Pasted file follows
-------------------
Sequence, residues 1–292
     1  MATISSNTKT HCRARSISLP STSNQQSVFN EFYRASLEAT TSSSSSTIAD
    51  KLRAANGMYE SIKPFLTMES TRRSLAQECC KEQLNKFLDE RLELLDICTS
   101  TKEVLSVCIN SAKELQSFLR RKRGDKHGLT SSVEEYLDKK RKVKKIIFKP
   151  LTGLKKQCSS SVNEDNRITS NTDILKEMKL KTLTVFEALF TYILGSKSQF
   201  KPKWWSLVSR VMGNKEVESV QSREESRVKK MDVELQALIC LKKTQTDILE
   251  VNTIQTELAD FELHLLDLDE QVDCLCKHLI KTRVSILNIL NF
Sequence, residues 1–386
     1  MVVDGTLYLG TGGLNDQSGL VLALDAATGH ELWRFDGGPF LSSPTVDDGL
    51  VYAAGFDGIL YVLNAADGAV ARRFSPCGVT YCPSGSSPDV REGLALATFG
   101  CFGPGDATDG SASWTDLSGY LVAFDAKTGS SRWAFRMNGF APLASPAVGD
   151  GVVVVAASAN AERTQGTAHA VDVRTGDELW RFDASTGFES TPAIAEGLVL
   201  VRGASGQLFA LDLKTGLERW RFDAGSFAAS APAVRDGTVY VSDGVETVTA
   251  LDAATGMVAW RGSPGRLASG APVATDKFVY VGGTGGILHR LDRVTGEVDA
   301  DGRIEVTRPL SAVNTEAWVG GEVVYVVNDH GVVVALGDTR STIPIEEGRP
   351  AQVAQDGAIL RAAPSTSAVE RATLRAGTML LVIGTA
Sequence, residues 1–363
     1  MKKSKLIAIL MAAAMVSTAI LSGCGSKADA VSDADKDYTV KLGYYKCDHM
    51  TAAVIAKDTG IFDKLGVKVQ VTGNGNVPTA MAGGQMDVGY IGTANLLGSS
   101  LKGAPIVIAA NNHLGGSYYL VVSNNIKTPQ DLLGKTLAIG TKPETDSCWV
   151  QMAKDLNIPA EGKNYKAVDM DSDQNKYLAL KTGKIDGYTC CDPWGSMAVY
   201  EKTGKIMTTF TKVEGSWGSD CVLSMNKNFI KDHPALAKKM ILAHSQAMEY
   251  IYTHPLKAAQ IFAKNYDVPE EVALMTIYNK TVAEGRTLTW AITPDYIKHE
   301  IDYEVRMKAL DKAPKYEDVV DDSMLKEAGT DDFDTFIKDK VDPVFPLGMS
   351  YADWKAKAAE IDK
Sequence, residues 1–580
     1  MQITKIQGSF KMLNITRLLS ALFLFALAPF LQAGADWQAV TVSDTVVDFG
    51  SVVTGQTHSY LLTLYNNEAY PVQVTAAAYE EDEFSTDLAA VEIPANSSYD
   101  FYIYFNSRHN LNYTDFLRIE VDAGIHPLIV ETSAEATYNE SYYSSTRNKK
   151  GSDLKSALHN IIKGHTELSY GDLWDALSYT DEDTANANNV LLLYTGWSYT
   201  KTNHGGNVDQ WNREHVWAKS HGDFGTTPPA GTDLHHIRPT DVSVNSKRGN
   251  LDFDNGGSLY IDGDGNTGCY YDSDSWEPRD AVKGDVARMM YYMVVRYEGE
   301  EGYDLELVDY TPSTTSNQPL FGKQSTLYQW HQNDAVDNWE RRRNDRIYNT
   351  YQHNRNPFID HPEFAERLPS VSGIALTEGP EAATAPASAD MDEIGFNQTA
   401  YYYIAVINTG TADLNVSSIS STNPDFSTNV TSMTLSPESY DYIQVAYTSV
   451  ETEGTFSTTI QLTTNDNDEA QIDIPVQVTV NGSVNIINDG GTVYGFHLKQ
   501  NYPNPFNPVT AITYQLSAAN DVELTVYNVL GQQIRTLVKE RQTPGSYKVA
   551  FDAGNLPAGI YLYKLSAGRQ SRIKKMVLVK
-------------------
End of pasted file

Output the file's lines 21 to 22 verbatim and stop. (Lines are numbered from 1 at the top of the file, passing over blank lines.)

   151  QMAKDLNIPA EGKNYKAVDM DSDQNKYLAL KTGKIDGYTC CDPWGSMAVY
   201  EKTGKIMTTF TKVEGSWGSD CVLSMNKNFI KDHPALAKKM ILAHSQAMEY